Nothing is normal about the 2020 NFL Draft — including the elimination of most pro days, private workouts and facility visits that normally can help (or hurt) a player’s stock during the pre-draft process.
The unique information-gathering process resulting from the COVID-19 pandemic only increases the unpredictability of those 10 to 12 picks at the bottom of Round 1 that always yield a few surprises.
Here are five names you haven’t seen in many Round 1 mock drafts, but that NFL executives, scouts and coaches wouldn’t be shocked to hear called on Thursday night.
Cole Kmet, TE, Notre Dame
This isn’t regarded as a strong tight end draft, and Kmet is widely seen as the top prospect. "If you want him, you’re going to have to take him late first or early, early second," an AFC coach said. "Big dude, can catch, knows how to use his body. He’s probably one of the top inline Ys in the last couple years. Super smart. High character in every way." Kmet appeared in 35 games (18 starts) for the Fighting Irish, breaking out as a true junior last fall with 43 catches for 515 yards and six touchdowns. He pulled a hamstring on his first 40-yard dash at the NFL Scouting Combine, which affected his workout, but still ran 4.70 at 6-foot-6, 262 pounds. He just turned 21 in March. "He’s not dynamic as a receiver. But he’s a really big man that plays a physical style of football," an NFC executive said. "He wins contested catches. He’s strong after the catch. He’s not elusive, and neither really was Gronk. I’m not saying they’re the same player, but the physicality with which Cole plays — and granted, he hasn’t played a lot of football, it’s really this year and a little bit of last year — I could see his play style being really intriguing to guys."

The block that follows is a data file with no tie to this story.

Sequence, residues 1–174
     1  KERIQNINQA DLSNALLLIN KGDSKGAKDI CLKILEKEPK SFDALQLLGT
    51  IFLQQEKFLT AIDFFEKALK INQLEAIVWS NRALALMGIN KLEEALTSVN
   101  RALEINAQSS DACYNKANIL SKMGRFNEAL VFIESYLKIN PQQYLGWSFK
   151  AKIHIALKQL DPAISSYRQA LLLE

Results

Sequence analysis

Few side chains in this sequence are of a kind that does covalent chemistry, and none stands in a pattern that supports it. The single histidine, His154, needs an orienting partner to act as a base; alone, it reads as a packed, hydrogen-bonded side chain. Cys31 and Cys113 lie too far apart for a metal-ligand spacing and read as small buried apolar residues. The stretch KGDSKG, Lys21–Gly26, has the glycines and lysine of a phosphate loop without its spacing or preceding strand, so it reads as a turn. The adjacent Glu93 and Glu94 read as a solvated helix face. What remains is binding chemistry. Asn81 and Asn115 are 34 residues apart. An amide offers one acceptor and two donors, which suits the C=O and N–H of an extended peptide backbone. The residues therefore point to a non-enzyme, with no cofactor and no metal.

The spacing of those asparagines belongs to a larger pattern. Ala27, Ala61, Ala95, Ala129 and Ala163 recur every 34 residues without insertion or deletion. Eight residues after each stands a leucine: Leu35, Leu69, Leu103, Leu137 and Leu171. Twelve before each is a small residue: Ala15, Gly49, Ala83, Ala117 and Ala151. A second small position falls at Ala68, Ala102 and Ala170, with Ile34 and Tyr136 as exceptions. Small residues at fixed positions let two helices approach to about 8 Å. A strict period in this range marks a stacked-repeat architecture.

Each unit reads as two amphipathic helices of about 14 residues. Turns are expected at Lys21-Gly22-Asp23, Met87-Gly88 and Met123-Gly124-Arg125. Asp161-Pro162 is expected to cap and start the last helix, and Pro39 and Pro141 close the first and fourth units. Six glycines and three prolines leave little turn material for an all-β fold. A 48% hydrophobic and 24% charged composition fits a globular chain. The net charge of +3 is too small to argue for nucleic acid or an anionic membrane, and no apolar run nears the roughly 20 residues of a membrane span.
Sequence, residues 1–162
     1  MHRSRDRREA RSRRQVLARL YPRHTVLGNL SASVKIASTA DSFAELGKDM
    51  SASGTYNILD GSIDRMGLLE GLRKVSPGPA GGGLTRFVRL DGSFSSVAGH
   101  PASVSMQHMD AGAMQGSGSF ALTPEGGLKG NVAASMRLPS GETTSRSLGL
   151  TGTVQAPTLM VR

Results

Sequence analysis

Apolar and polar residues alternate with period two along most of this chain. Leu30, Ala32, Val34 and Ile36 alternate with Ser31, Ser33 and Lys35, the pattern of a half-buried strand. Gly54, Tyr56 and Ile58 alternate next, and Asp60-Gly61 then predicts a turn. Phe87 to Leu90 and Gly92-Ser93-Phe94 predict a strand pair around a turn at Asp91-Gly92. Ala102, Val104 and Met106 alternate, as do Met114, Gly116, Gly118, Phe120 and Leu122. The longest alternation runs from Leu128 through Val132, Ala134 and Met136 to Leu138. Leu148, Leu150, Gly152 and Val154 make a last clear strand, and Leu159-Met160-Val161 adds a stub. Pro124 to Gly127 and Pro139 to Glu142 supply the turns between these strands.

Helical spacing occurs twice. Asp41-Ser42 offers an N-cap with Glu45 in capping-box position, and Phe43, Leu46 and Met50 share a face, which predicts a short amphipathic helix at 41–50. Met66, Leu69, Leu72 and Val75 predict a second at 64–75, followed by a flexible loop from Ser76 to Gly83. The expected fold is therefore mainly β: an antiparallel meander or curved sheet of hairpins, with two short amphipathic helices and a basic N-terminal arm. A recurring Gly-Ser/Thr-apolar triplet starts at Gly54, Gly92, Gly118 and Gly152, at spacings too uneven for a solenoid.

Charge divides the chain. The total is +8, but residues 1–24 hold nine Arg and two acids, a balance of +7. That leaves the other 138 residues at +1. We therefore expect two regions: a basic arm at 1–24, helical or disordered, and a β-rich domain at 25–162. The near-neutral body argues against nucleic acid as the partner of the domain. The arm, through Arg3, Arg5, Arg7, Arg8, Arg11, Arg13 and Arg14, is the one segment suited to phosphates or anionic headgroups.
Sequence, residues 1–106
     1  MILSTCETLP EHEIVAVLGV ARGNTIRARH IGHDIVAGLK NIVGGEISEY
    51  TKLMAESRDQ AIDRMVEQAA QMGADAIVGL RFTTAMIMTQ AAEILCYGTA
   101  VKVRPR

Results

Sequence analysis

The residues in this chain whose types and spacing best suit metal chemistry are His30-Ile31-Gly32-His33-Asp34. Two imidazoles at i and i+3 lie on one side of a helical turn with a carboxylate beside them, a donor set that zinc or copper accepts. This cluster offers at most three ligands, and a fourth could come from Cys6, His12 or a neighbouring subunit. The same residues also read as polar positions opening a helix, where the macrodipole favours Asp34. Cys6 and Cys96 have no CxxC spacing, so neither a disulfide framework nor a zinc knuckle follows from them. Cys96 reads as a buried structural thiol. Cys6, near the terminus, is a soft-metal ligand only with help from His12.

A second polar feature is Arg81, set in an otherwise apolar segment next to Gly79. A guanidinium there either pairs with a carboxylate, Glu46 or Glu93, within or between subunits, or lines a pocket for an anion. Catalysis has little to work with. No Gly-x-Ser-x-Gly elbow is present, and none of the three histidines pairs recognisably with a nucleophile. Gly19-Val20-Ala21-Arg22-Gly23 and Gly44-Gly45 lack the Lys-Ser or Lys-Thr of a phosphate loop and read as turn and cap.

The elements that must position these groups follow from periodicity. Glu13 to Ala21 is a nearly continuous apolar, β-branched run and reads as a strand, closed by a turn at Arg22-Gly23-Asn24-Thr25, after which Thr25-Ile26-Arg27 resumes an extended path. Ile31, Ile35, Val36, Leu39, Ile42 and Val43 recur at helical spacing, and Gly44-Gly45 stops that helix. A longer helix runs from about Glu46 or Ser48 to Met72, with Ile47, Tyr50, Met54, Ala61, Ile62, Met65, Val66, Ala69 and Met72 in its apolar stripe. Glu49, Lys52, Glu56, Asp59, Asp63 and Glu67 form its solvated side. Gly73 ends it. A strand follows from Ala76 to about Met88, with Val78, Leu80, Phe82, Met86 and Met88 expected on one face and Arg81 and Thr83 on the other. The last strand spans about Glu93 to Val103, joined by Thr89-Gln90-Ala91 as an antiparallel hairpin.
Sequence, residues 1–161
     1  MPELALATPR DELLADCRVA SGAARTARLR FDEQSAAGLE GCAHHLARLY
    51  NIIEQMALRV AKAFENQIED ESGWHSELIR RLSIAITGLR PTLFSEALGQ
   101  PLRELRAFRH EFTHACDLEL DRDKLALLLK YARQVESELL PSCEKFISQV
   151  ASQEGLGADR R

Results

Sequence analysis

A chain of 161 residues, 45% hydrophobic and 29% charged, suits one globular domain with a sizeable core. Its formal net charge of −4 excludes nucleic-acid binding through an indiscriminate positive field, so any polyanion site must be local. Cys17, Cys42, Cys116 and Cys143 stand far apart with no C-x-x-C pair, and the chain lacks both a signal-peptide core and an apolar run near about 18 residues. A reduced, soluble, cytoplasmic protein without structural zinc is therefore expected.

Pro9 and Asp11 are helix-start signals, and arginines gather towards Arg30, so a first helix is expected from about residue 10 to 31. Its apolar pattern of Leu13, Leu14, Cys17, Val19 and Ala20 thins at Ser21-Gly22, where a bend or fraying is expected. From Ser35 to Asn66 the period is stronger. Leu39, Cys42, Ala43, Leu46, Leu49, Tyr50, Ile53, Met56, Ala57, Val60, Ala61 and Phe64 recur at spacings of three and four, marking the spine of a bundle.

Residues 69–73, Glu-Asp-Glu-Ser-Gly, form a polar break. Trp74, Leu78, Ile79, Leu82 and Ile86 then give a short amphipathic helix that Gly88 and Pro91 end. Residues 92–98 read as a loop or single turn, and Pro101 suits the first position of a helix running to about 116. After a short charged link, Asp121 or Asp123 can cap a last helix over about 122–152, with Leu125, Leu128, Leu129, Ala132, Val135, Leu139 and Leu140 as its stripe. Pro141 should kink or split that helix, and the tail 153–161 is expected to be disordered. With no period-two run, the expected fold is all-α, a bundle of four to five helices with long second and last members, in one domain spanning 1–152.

Julian Okwara, Edge, Notre Dame
The younger brother of Lions defensive end Romeo Okwara has all the physical tools and recorded 12 sacks over the past two seasons, despite missing the last four games of his senior year with a broken fibula. Okwara’s calendar has been booked up with video interviews as teams try to answer their main question: How committed is he to reaching his immense potential on a daily basis? "I already counted him to be a clear 1," an NFC personnel director said. "He’s a bright kid and he’s got other interests. But I think athletically, he can run and bend like no one else coming off the corner." Another exec compared him to Vikings Pro Bowl linebacker Anthony Barr in terms of being able to rush the passer and drop into coverage. Okwara (6-4, 252) did not work out at the combine, but the physical ability isn’t in much doubt. "You just question his wiring," another NFC exec said. "I would say he’s a lesser version of (Penn State edge Yetur) Gross-Matos in that they’re both athletes and neither one of them play through people. Work the edges, finesse, use their length. How much dog do either one of them have in them?"
Jalen Reagor, WR, TCU